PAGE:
Inactivation of avian influenza virus using common detergents and chemicals.

Department of Bioresources Engineering, University of Delaware, 264 Townsend Hall, Newark, DE 19716, USA.
Avian Diseases (Impact Factor: 1.11). 04/2008; 52(1):118-23. DOI: 10.1637/8055-070907-Reg
Source: PubMed

ABSTRACT Six disinfectant chemicals were tested individually for effectiveness against low pathogenic avian influenza virus (LPAIV) A/H7N2/Chick/MinhMa/04. The tested agents included acetic acid (C2H4O2), citric acid (C6H8O7), calcium hypochlorite (Ca(ClO)2), sodium hypochlorite (NaOCl), a powdered laundry detergent with peroxygen (bleach), and a commercially available iodine/acid disinfectant. Four of the six chemicals, including acetic acid (5%), citric acid (1% and 3%), calcium hypochlorite (750 ppm), and sodium hypochlorite (750 ppm) effectively inactivated LPAIV on hard and nonporous surfaces. The conventional laundry detergent was tested at multiple concentrations and found to be suitable for inactivating LPAIV on hard and nonporous surfaces at 6 g/L. Only citric acid and commercially available iodine/acid disinfectant were found to be effective at inactivating LPAIV on both porous and nonporous surfaces.

  • Source
    [Show abstract] [Hide abstract]
    ABSTRACT: Influenza A virus poses a major public health concern and is associated with annual epidemics and occasional pandemics. Influenza A H3N2 viruses, which are an important cause of human influenza, can infect birds and mammals. Contaminated undercooked poultry products including eggs with avian influenza virus constitute a possible risk of transmission to humans. In this study, a novel levulinic acid plus sodium dodecyl sulfate (SDS) sanitizer was evaluated for eggshell decontamination. Influenza A H3N2 virus-inoculated chicken eggshells were treated with a 5 % levulinic acid plus 2 % SDS, 2 % levulinic acid plus 1 % SDS, and 0.5 % levulinic acid plus 0.5 % SDS liquid solution for 1 min. Log reductions of viable viruses were observed by plaque assay. The 5 % levulinic acid plus 2 % SDS sanitizer provided the greatest level of influenza A H3N2 virus inactivation (2.23 log PFU), and differences in virus inactivation were observed for the various levulinic acid plus SDS concentrations tested (P ≤ 0.05). To the best of our knowledge, this is the first study demonstrating influenza A H3N2 virus inactivation on eggshells using a novel levulinic acid plus SDS sanitizer. The sanitizer may be useful for reducing egg contamination and preventing the spread of avian influenza virus to humans.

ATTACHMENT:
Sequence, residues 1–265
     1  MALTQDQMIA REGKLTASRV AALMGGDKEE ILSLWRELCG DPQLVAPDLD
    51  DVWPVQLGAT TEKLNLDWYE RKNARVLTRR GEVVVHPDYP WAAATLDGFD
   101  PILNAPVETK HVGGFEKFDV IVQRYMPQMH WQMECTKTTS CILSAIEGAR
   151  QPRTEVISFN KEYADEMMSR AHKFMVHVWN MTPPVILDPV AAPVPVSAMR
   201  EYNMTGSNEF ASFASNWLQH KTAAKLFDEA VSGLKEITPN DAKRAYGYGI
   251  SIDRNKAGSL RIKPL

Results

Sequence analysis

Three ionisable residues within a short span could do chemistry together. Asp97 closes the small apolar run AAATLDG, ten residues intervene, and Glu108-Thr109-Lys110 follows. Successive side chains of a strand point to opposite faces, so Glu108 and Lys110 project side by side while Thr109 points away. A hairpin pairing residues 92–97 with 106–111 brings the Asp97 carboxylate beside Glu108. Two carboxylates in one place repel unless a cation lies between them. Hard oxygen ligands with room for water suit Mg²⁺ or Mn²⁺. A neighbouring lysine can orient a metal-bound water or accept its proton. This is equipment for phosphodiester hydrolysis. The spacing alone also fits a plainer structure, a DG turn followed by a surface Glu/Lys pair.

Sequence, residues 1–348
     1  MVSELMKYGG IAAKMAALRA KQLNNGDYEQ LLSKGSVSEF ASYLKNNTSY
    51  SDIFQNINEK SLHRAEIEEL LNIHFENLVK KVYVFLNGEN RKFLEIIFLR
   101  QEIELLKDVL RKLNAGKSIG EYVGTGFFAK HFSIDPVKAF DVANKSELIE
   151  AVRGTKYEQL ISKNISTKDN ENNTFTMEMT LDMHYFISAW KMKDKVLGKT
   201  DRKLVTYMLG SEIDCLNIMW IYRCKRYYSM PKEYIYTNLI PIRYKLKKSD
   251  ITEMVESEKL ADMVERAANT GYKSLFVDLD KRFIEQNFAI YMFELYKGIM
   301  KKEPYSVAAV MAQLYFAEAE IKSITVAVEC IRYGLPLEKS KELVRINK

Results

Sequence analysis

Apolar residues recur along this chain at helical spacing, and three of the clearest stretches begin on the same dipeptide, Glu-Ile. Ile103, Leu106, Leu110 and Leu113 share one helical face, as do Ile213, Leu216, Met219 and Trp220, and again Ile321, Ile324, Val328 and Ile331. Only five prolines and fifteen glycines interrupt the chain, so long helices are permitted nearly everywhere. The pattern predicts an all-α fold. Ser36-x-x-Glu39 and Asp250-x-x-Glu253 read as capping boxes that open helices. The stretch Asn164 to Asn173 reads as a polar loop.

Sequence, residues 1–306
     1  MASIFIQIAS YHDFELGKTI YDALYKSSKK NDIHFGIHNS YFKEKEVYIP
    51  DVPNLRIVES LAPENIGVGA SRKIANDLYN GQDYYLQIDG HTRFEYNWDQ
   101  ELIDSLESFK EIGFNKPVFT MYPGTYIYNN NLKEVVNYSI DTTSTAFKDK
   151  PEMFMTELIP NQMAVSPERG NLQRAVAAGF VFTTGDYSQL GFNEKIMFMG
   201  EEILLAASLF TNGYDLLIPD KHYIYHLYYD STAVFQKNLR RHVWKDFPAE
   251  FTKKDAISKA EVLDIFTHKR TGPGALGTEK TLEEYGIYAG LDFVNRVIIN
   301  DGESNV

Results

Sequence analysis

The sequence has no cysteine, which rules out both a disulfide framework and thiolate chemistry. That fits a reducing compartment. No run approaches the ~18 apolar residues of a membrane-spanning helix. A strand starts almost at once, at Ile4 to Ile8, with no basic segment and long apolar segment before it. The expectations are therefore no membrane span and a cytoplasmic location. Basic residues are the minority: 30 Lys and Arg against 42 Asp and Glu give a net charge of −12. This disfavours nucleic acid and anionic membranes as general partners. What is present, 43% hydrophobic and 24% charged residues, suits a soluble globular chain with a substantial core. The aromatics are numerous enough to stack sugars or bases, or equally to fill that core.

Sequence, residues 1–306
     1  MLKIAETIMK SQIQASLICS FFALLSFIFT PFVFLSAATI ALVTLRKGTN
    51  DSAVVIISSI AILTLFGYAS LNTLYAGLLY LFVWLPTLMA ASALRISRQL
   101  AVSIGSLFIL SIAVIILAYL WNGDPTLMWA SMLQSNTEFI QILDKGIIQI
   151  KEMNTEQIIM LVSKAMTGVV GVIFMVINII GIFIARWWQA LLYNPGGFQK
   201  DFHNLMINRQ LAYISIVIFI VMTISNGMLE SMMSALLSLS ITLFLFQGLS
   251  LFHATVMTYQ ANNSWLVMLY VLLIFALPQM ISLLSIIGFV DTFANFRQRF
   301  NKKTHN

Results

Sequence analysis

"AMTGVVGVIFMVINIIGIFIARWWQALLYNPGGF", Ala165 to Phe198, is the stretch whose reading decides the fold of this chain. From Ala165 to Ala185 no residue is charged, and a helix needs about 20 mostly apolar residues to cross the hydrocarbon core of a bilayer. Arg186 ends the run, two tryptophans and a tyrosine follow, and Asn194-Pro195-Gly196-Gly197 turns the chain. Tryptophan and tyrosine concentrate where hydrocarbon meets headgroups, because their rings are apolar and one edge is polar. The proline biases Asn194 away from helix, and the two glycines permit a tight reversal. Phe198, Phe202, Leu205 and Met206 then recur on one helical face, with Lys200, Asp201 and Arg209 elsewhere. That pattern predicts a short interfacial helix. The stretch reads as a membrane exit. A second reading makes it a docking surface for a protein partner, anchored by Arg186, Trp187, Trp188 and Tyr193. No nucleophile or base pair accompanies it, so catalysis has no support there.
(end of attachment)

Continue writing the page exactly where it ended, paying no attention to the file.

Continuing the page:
Food and Environmental Virology 10/2013; · 2.51 Impact Factor
  • Source
    [Show abstract] [Hide abstract]
    ABSTRACT: Scallop shell powder produced by calcination process - the average diameter of the powder particles being 20 µm (SSP) - was further ground into nano-sized particles, with average diameter of 500 nm, here designated CaO-Nano. Solution of CaO-Nano could inactivate avian influenza virus within 5 sec, whereas the solution of SSP could not even after 1 hr incubation. CaO-Nano solution could also inactivate Newcastle disease virus and goose parvovirus within 5 sec and 30 sec, respectively. The virus-inactivating capacity (neutralizing index: NI>3) of the solution was not reduced by the presence of 20% fetal bovine serum. CaO-Nano solution seems to be a good candidate of materials for enhancement of biosecurity in farms.
    Journal of Veterinary Medical Science 05/2014; · 0.88 Impact Factor
  • [Show abstract] [Hide abstract]
    ABSTRACT: Lead acetate (PbA) is one of the major environmental contaminants with grave toxicological consequences both in the developing and developed countries. The liver and erythrocyte antioxidant status and markers of oxidative were assessed. Exposure of rats to PbA led to significant decline (p<0.05) in hepatic and erythrocyte glutathione peroxidase (GPx), glutathione S-transferase (GST), catalase (CAT), superoxide dismutase (SOD), and reduced glutathione (GSH) content. Similarly, malondialdehyde (MDA) and H2O2 concentrations were significantly (p<0.05) elevated. Histopathology and immunohistology of liver of rats exposed to PbA showed focal areas of necrosis and COX-2 expression after 6 weeks of PbA withdrawal. Taken together, hepatic and erythrocytes antioxidant defence system failed to recover after withdrawal of the exposed PbA for the period of the study. In conclusion, experimental animals exposed to PbA did not recover from hepatotoxicity and disruption of erythrocyte antioxidant defence system via free radical generation and oxidative stress.
    Environmental toxicology and pharmacology. 03/2014; 37(3):1202-1211.